Autophagy inhibition leads to p62 accumulation in the cytoplasm (Figure 9) [69], [70]. A multifunctional ubiquitin-binding scaffolding protein p62 contains several functional motifs which allow its interactions with a variety of cell signaling pathways [71], [72]. p62 plays a critical role in cellular adaptation to oxidative stress through its direct binding KEAP1 and following release of NRF2 [70], [73], [74], [75], [76]. In turn, NRF2 positively regulates p62 gene expression independently of oxidative stress [74]. As we showed, p62 levels were increased in untreated clipped kidneys. HPP593 treatment resulted in even higher levels of both total and mitochondrial p62 (Figure 10). Further investigation is needed to clarify the effect of excessive p62 accumulation on the survival of clipped kidneys.

Surprisingly, HPP593 treatment had no effect on mitochondrial DNA content and on the level of PGC-1α, a master regulator of mitochondrial biogenesis and a PPARs co-activator, in the clipped kidneys (Figure 8, 9). However, regulation of mitochondrial DNA copy number is not well understood and is not always correlated with mitochondrial mass [77], [78]. PPARδ stimulates mitochondrial biogenesis through PGC-1α in skeletal muscles and in the heart [79], [80], [81], [82]. However, under conditions of chronic hypoxia in mice, PGC1-α levels and mitochondrial density decrease in the diaphragm but are unchanged in skeletal muscle [83]. Interestingly, this reduction in PGC1-α expression in the diaphragm is associated with an elevation of BNIP3 protein content [83].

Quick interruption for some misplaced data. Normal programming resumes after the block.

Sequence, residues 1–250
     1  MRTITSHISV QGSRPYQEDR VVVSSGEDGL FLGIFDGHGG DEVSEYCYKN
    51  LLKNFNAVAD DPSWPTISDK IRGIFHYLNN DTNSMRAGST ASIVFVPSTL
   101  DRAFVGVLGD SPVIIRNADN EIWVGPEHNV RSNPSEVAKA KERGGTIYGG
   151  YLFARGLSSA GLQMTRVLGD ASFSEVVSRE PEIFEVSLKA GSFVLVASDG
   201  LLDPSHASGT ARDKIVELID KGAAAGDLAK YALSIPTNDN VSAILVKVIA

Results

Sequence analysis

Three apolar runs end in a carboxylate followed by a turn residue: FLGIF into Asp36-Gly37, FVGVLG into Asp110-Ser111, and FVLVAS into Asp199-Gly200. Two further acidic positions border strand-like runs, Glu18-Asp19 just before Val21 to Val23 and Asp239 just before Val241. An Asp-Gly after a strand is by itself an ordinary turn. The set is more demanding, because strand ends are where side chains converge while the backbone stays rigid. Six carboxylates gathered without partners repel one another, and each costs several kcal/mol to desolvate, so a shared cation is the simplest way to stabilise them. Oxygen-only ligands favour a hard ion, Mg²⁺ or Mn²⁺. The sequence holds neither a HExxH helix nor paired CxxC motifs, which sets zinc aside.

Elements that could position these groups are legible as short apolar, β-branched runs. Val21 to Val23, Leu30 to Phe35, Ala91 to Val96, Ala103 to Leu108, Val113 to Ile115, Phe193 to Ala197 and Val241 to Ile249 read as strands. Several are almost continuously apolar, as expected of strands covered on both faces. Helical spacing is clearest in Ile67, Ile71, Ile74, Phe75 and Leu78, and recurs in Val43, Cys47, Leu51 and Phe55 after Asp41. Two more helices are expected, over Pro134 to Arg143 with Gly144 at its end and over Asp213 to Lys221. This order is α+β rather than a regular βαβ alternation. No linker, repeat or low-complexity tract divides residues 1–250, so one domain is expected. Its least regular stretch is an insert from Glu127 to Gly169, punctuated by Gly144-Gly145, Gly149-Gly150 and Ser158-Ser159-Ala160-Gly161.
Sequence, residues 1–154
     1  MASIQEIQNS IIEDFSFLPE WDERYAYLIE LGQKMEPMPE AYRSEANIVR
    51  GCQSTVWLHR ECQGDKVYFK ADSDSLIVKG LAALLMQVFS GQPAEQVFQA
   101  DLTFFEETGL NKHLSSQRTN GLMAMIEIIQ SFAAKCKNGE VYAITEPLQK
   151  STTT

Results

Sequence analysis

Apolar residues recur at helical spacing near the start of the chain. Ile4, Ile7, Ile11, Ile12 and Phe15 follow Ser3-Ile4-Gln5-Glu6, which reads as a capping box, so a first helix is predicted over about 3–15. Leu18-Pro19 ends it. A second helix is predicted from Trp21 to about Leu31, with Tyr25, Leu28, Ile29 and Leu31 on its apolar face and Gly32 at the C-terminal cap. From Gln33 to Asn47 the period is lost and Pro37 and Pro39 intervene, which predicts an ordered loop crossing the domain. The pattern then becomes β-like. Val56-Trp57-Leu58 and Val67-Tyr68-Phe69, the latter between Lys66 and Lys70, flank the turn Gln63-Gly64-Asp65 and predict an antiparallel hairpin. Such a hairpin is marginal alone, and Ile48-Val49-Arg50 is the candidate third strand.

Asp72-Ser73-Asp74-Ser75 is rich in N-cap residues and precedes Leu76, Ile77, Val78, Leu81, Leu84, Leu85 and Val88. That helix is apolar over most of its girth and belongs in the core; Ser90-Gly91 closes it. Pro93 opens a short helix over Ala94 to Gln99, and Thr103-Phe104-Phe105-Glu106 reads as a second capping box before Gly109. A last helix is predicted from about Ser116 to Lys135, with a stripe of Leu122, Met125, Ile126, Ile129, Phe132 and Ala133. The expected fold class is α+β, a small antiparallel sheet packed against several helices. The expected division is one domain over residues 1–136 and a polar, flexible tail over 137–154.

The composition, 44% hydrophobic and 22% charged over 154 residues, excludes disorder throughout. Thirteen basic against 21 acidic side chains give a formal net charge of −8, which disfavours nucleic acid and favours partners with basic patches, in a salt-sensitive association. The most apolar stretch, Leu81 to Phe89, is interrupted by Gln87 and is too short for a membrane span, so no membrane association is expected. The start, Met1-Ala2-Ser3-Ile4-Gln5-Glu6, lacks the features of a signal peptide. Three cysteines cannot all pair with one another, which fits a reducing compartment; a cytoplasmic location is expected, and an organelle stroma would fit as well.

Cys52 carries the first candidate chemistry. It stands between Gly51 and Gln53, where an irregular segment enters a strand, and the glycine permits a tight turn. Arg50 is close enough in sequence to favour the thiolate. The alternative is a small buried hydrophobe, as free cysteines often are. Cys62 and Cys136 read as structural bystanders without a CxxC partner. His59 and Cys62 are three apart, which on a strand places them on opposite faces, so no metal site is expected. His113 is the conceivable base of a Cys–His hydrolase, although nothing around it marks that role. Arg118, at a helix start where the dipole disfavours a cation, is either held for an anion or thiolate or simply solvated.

The cytoprotective functions of PPARδ, similar to PPARα and PPARγ, are attributed to suppression of oxidative stress and inflammation in a variety of pathological conditions [84], [85]. In particular, PPARδ expression and activation attenuate ischemic damage and reduce the death of cardiac and neuronal cells in vivo and in vitro [86], [87], [88], [89], [90], [91], [92]. In these studies the cytoprotective role of PPARδ has been linked to suppression of inflammation. Two primary mechanisms, by which activated, agonist-bound PPARδ modulates inflammatory signaling have been found: i) deactivation of nuclear factor NF-κB complex via interaction with the p65 subunit [93]; ii) release of the transcriptional repressor Bcl6 (B cell lymphoma-6) from its complex with PPARδ [94], [95], [96]. These two mechanisms of PPARδ action, together with PPARδ-dependent up regulation of oxidative stress defense genes, are likely to contribute to attenuation of oxidative stress in kidneys of HPP593-treated 2K1C rats [59], [97]. Interestingly, NF-κB activation can suppress both basal and hypoxia-inducible BNIP3 expression and improve mitochondrial function in ventricular myocytes [98], [99]. These mechanisms of PPARδ actions presumably are cell- and stimulus- specific and might be differently regulated in distinct populations of kidney cells under ischemic condition. Thus, more investigations are needed to clarify mechanisms of PPARδ actions and its interactions with BNIP3, NF-κB and KEAP1/NRF2 systems in the chronically ischemic kidney.